Establishment Democrats appear to be scrambling to shore up former Vice President Joe Biden’s campaign following his much-needed win in South Carolina over the weekend and the endorsements from Sen. Amy Klobuchar, Pete Buttigieg and former Congressman Robert Francis “Beto” O’Rourke on the eve of “Super Tuesday.”
According to Fox News, “the sudden support of party elders and power-brokers as they apparently see him as the most viable choice to take on surging Sen. Bernie Sanders, I-Vt., and prevent him from running away with the nomination.”
There’s no mistaking the urgency as even 2016 Democrat nominee Hillary Rodham Clinton has jumped into the fray, declaring Sanders to have been difficult to work with while she was in the Senate. She also asserted that the self-described Democrat Socialist “got nothing done.”
“He was a career politician,” Clinton reportedly says during a Hulu documentary set for release this Friday.
Biden, meanwhile, is basking in the glow of a renewed and energized campaign, although he still trails Sanders in delegates. And Biden continues to supply political opponents with gaffes, including his fumbling quote of the Declaration of Independence, as reported here earlier.
And now television personality Judith “Judge Judy” Scheindlin has weighed in against Biden, quoted by Fox News stating, “I have nothing bad to say about him, but I guarantee you that the incumbent (Donald Trump), if he gets on the stage with Joe Biden, is going to bring up all the things that the other Democratic candidates at debates did not because the one thing the incumbent is, is a street fighter.”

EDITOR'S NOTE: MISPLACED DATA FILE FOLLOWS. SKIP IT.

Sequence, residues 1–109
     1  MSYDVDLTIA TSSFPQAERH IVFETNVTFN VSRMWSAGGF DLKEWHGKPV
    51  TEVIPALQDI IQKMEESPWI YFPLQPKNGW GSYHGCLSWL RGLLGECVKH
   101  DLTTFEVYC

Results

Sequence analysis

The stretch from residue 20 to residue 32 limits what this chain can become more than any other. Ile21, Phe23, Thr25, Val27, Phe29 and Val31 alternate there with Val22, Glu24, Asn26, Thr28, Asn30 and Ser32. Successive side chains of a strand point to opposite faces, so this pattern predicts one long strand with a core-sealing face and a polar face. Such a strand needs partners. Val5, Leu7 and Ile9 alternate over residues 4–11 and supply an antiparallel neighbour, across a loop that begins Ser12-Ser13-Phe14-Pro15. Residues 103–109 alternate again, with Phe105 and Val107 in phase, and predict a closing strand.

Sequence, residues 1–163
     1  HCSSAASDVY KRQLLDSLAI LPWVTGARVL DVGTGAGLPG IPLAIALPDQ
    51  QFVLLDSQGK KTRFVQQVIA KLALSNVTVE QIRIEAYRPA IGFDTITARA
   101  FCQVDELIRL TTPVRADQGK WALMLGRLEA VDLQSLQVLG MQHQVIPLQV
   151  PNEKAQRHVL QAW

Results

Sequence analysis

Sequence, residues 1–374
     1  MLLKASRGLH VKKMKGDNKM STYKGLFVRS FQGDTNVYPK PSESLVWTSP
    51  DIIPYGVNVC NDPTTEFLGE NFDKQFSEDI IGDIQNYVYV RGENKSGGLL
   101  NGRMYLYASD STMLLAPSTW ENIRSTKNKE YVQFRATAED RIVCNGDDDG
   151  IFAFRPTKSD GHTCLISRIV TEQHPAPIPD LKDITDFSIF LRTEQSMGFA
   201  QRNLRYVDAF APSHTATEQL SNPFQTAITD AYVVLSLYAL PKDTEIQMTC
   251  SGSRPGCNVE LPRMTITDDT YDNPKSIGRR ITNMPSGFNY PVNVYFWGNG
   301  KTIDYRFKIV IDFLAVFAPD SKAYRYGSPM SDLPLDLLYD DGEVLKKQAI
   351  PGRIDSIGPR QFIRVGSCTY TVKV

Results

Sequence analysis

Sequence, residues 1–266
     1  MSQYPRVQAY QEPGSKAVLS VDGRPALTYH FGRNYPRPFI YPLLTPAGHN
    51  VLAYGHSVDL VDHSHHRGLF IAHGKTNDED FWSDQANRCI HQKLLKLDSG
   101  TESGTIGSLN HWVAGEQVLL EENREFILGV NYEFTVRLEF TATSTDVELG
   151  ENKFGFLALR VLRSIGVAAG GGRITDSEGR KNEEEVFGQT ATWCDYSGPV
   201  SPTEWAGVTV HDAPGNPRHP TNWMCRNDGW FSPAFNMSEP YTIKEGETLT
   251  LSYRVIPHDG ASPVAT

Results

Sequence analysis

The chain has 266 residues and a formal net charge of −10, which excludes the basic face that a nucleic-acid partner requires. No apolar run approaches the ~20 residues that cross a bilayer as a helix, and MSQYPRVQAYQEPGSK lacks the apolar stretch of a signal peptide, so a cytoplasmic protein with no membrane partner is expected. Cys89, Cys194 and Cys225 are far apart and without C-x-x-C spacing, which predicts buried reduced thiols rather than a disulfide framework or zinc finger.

Rasmussen Reports says a new poll shows Biden has bounced back among Democrats nationally, with 32 percent support among likely Democratic voters. Sanders is trailing at 28 percent and billionaire Michael Bloomberg is in third place with 13 percent and bringing up fourth is Sen. Elizabeth Warren at 11 percent.
Super Tuesday could change that, and it might change even more following the next “mini-Super Tuesday” when several more state primaries are held.
What makes this “déjà vu all over again” for Sanders supporters is how the Democrat establishment worked against the aging Vermont senator four years ago when he was seeking the nomination against Clinton. That remains the dilemma for party leaders because Sanders represents a faction that could sit out the November election if they believe their candidate has been deprived of a nomination again.
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